Arguing against this, the king says: I give life and cause death. The modern materialistic world also makes this claim. It considers physical and material life to be all-in-all, and it is indeed able to give physical life and cause physical death in ways that in the past were considered impossible for man. By means of modern medicine, people have been given a new lease of life who would have otherwise died. People who could not have children can now produce offspring, sometimes in the most mind-boggling ways. As to death, millions can be killed in an instant by modern weapons. There are even weapons that will only kill people and not damage property. Modern materialistic civilization does claim, or at least create the very strong impression in the human mind, that it has control over life and death. Even writing a hundred years ago, Hazrat Mirza said that man's control over nature by means of the knowledge and the inventions of the West had created the impression in many minds that man now (and this is a hundred years ago) had acquired the powers of God.
The reply given to this claim of the materialist is as follows:
"Allah causes the sun to rise in the East, Can you make it rise from the West?"
Hazrat Mirza similarly told the world that the sun of spiritual guidance, revealing deep religious truths, had risen in the east. Note that the Holy Prophet Muhammad is called a light-giving sun in the Quran. And his challenge is: Can Western materialistic philosophy and science, by means of its human exertions and endeavour, create such spiritual knowledge and guidance that was taught by Divine revelation to the Holy Prophet? God made the sun of religious truths to rise in the east, can you by your humanly developed knowledge make such a sun rise in the West?
No, you cannot. But God can bring that light to the West. And that is the message with which Hazrat Mirza arose: that spiritual enlightenment cannot come to the West by means of its philosophies based on materialism and pure reason, and its physical sciences; it will come when the revelation of God in Islam reaches the West.
In his book Izala Auham, after giving the interpretation of the sun rising in the West, Hazrat Mirza describes his famous vision of preaching Islam in London and then catching birds in his hand. It is very curious that in the Quran too, very shortly after the verse which I have been discussing there is one referring to the catching of birds.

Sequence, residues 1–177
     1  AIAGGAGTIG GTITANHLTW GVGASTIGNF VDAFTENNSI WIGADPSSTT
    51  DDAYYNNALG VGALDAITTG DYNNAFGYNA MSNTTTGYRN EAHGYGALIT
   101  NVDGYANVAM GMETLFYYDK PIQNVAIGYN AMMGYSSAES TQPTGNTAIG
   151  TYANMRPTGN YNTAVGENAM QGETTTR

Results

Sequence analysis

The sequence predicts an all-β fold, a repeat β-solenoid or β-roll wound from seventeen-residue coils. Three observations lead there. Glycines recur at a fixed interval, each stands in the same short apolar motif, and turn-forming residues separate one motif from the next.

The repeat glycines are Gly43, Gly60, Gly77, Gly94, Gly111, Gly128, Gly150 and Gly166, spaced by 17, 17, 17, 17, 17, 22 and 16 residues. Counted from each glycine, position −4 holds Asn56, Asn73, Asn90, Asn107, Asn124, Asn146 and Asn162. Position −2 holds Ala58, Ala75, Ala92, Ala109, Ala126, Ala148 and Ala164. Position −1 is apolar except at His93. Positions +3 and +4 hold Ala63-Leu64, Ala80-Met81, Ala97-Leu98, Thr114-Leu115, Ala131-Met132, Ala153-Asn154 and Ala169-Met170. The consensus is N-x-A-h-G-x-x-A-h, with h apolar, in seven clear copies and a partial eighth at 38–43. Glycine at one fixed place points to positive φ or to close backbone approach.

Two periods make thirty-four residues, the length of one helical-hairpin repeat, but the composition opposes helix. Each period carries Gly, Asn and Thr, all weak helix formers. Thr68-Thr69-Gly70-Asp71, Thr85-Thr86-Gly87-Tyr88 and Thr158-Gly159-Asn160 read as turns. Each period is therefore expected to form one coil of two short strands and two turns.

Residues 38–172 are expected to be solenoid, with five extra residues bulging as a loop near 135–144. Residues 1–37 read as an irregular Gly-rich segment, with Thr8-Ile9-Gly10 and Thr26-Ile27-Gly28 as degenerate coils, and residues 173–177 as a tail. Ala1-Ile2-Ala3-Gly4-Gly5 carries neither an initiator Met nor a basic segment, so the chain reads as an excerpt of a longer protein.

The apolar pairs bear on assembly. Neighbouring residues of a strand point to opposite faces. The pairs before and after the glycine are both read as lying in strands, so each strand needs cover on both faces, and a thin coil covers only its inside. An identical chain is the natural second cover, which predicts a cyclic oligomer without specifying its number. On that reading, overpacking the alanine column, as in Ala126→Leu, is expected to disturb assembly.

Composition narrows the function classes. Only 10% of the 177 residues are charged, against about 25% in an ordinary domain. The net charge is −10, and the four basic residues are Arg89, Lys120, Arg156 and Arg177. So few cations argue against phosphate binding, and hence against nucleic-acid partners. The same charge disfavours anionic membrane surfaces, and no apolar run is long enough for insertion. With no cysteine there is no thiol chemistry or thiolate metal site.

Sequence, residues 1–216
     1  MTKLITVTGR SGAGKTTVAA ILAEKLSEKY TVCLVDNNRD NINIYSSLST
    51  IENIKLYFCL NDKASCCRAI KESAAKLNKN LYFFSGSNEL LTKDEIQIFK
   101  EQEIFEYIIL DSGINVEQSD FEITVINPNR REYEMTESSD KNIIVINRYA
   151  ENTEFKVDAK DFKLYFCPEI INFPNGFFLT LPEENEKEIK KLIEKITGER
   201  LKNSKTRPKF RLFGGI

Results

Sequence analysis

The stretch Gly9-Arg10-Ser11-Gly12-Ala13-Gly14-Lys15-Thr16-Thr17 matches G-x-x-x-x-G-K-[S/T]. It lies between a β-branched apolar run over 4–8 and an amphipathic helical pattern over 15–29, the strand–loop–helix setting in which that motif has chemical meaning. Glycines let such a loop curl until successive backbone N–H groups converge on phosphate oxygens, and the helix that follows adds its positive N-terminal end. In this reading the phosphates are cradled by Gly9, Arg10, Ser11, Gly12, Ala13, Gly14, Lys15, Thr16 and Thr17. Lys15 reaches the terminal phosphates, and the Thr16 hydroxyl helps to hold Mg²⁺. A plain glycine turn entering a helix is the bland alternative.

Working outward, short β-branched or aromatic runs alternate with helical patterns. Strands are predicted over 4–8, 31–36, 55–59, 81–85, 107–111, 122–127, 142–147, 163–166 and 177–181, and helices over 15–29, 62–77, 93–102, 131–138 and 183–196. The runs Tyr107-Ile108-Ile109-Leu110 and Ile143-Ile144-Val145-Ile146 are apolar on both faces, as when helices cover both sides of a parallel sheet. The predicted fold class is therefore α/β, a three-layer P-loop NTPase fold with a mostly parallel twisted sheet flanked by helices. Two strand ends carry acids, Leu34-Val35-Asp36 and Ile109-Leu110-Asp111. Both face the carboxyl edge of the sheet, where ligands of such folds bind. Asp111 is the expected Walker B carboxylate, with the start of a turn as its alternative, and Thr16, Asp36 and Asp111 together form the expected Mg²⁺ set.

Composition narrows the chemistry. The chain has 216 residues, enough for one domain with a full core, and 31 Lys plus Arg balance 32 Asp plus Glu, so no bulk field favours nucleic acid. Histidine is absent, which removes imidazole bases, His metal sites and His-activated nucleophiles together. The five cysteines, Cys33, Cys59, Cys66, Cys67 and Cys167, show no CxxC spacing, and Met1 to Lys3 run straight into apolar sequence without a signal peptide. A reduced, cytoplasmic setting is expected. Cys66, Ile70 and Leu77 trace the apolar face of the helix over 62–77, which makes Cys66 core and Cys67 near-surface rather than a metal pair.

Abraham asks God to show him how life will be given to the dead. The answer given to him by God is interpreted by our traditional scholars of religion as follows. They say that God asked Abraham to take four birds, cut them up into pieces and mix the meat up (rather like what our ladies have been doing in the kitchen at this Convention). Then he was told to place parts of this meat on mountains around him, and call out to the dead birds. God would then raise them to life and they would come to him flying, and he would know from this demonstration that God can raise the dead to life.
Apart from the ridiculous nature of this story, this interpretation does not show us the answer to Abraham's question. His question was not whether God could give life to the dead, but how, by what means, God gives life to the dead, and this is not explained by this story.
Sensible interpreters of the Quran have written that what Abraham is asking is how God brings spiritually dead people to life, people who had no inclination to accept religious teaching and ran away from it. So God gave him the example of birds. They run away from people when they are approached. But God told Abraham that if he were to take some birds, and tame them till they became familiar with him, then they would obey his call even at a great distance from him.
I will now apply this verse to the work of Hazrat Mirza of awakening the spiritually dead nations to the call of Islam, and draw a parallel with his vision about catching birds. A very curious similarity is that just as Abraham is told that the tamed birds would hear and obey his call even from great distances, Hazrat Mirza too while living in India sees his call reaching thousands of miles away in London and birds responding to it.
What is meant by "taming" the birds "to incline to you" can be seen from the vision that Hazrat Mirza has described. He makes what he calls a well-reasoned speech in English explaining the truth of Islam and birds fall into his lap. So you tame those birds by presenting the true picture of Islam, removing their misconceptions and fears about Islam. Just as birds fly away from you when you approach them because they apprehend danger from you, similarly the Western people are repelled by the mere mention of Islam because of the danger they perceive from it. So you tame these human birds gradually by correcting their wrong ideas which are making them fear Islam as a threat. You calm and soothe their fears, and show them the attraction of Islamic teachings.
Hazrat Mirza did this by strongly emphasizing the peaceful nature of Islam, that it does not preach the use of violence or force, that jihad is not fighting a war to defeat non-Muslims, and that Islam teaches Muslims to live as law-abiding citizens of whatever country or rule they happen to be living under. A repeated theme in his writings which occurs with great stress is that Islam does not pose any violent, physical or war-like threat to the dominant Western powers of the world. On the other hand, he challenged their beliefs, philosophies and ideologies most vigorously and boldly. That was, in fact, a major aspect of his mission.
Unfortunately, the traditional Muslim religious leaders do the opposite. Their statements about Islam actually reinforce and feed the prevalent, wrong image of Islam, and increase the fears that people are wrongly entertaining. They portray Islam as a challenge to the West in the political domain, and do very little to challenge the West intellectually in the domain of beliefs and ideologies.
To conclude, I have shown how the knowledge contained in the Quran about bringing dead nations to life has found its manifestation in the work started by the Founder of this Movement.